When state officials announced that they’d contracted with Florida’s virtual school program for statewide digital classes, some educators in Ketchikan were left scratching their heads.
Though the coronavirus has lent it some new urgency, state and local officials have been looking into — and implementing — distance learning for years. Back in 2014, Ketchikan and three other school districts across Alaska were awarded nearly $3.2 million in grants.
“It was called the Digital Teaching Initiative,” said Ketchikan school technology coordinator Bill Whicker in a phone interview last Thursday. “Really, the goal of it was to get high quality courses and Alaskan teachers in front of more kids in a digital fashion,” he said.
Whicker used $800,000 in grant money to build the Alaska Digital Academy, which he now leads. He’s careful not to call it a virtual school. Instead, it’s a “course portal” — students’ home districts assign credits and determine graduation requirements.
More than 200 kids from Ketchikan to Kake to Bethel are enrolled. Classes are graded by an Alaska-licensed teacher who’s often just a phone call or email away.
“That’s one of our strengths, really, because the teachers that are helping our students in the Digital Academy, they understand the challenges that we have in our state — with geography, with travel, with all those kinds of things,” Whicker said.
The program was developed in Ketchikan. But he said they had the whole state in mind.
“We built the Digital Academy to be scalable — so that we could scale it up and serve thousands of students,” he said. “It’s the real deal.”
That’s why Whicker and other education officials in Alaska were surprised when the Dunleavy administration announced a one-year, $525,000 contract with an out-of-state choice offering similar services.
“I was a bit surprised […] the state went with Florida, because we had done a lot of footwork,” he said.
State Education Commissioner Michael Johnson outlined a few reasons to go with the Florida Virtual School for state lawmakers last week.
“It’s been around for almost 20 years, providing courseware training and expertise and online blended programs for districts, states,” he told a joint hearing of the House and Senate education committees.
He didn’t mention the school’s well-publicized management scandal that led to a slew of resignations by top leadership last year, and calls for a state government investigation.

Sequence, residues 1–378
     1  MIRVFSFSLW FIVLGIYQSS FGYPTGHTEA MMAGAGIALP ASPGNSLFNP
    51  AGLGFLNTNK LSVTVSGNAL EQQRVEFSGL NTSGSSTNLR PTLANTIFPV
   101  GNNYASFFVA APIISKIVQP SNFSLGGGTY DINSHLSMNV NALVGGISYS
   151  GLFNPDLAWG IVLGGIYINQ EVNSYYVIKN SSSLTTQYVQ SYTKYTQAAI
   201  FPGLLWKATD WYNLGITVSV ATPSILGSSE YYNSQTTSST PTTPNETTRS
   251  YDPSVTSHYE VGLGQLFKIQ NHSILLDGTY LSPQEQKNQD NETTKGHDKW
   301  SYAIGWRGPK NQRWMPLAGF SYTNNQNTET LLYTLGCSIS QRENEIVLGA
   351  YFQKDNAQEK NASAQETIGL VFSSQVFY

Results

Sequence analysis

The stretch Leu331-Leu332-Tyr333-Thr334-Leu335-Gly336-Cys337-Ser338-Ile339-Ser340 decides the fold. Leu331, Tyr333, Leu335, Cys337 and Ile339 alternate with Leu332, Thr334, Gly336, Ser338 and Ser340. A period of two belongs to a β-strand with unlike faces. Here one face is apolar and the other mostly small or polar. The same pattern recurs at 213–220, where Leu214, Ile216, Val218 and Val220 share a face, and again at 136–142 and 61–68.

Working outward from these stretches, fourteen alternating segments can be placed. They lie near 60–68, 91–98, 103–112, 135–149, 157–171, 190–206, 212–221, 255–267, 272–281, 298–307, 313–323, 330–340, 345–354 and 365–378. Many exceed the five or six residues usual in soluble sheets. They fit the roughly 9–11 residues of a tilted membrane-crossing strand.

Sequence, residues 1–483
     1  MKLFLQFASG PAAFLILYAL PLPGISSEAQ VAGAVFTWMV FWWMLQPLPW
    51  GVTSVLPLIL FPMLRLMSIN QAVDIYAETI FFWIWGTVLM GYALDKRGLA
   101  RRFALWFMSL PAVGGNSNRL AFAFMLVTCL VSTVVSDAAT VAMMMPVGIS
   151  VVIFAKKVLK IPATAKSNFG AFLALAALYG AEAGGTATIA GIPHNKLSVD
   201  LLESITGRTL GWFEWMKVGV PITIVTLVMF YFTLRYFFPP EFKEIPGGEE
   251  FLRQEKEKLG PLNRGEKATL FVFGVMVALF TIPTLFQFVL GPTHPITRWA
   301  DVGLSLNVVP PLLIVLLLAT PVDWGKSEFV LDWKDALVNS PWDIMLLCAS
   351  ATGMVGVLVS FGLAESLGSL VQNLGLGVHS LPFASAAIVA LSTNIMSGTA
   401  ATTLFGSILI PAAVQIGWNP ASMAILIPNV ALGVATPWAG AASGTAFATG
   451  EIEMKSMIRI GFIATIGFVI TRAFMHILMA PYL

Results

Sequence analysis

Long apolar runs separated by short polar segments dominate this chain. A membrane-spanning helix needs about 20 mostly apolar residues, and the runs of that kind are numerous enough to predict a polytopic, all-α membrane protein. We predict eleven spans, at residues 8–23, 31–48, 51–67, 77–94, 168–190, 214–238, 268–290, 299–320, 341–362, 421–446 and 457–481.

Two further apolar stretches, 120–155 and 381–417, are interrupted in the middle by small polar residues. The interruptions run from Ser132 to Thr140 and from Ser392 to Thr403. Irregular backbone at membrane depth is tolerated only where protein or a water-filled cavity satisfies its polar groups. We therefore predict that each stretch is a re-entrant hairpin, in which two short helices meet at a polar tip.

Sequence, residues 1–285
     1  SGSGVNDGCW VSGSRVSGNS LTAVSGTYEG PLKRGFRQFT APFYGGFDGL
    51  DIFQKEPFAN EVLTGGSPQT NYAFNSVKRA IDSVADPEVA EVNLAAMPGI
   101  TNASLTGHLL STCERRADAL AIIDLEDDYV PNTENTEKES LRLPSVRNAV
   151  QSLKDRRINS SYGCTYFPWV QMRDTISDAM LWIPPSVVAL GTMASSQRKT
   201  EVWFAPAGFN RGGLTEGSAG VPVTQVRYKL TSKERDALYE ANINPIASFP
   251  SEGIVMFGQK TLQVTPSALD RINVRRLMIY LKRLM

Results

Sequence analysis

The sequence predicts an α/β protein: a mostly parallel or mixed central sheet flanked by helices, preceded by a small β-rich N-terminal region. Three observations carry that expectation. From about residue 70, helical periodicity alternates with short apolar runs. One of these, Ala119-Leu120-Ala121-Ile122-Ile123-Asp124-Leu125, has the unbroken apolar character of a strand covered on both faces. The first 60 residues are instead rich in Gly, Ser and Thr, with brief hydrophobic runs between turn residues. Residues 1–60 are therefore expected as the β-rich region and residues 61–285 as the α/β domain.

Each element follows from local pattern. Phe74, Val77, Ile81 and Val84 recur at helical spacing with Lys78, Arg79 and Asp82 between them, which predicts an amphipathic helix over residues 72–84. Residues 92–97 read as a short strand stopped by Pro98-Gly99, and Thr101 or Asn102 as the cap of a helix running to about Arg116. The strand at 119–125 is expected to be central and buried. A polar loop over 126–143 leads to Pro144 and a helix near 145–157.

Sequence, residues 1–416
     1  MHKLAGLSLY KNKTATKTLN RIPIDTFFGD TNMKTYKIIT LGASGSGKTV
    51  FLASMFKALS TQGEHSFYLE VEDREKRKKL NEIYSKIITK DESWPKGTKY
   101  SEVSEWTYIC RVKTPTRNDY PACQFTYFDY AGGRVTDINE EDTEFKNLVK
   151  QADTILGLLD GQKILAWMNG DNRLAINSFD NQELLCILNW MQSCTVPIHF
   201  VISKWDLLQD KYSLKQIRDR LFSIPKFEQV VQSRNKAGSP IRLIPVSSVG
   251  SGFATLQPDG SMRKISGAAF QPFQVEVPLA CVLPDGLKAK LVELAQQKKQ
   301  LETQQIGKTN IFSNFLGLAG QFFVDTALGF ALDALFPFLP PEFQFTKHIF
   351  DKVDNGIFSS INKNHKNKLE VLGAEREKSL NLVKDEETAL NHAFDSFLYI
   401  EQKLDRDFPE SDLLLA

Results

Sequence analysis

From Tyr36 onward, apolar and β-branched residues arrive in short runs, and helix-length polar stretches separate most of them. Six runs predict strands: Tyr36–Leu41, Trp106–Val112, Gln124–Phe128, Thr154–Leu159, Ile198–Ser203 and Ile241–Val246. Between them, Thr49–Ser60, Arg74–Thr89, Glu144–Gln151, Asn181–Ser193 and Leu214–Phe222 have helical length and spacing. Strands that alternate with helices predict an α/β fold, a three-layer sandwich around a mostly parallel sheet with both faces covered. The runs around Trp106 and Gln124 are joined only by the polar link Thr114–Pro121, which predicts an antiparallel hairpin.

But he did speak of the Florida school’s robust course catalog — it has more than twice as many courses to choose from as Ketchikan’s course portal. And it’s free to students and districts — the Alaska Digital Academy charges districts $250 per student, per course.
A spokesperson for Alaska’s education department says 140 students are currently taking 420 courses via the Florida Virtual School. Through Ketchikan’s Digital Academy, she says it would have cost $105,000 for just those students already enrolled. The $525,000 contract with Florida’s school is a flat fee, she said.
One former Ketchikan official also recommended the Florida Virtual School. Bob Boyle — who was Ketchikan’s school superintendent at the time it was developing its digital academy — was paid $15,000 to advise the Dunleavy administration on distance learning options. He recommended Florida’s setup over Ketchikan’s.
In a report to the education department, Boyle said of Ketchikan’s digital academy, “it does not have the depth of program knowledge or resources” as the Florida Virtual School. Boyle did not respond to several interview requests.
Johnson also told state lawmakers he didn’t want to overwhelm Ketchikan’s district staff grappling with the COVID-19 pandemic.
“Virtual school is not new to the state. We have some virtual schools now,” the education commissioner said, “Those teachers are busy dealing with the transition that’s happened.”
But Johnson apologized to Alaska’s public school administrators for not consulting them in the selection process, saying “there was no deliberate intent not to collaborate or not to communicate with superintendents, or school boards, or anybody else.”
And he told lawmakers the state intends to train at least 50 Alaska teachers to use the Florida Virtual School platform. They would start teaching this fall.
Johnson says the Florida Virtual School contract isn’t meant to supplant local efforts. Rather, it was intended to supplement existing classes.
“In no way is this to take a kid a student away from their local school — so they wouldn’t unenroll and enroll in these courses,” he told the committee.
Back in Ketchikan, Alaska Digital Academy’s Bill Whicker says about two dozen students have joined the program since the pandemic closed schools. And he says the academy could have accommodated many more if it was chosen over the Florida Virtual School.
“We could have scaled it up, yep, we could have,” he said. “Still can!”
For now, though, Whicker is focused on maintaining the program and expanding it wherever he can.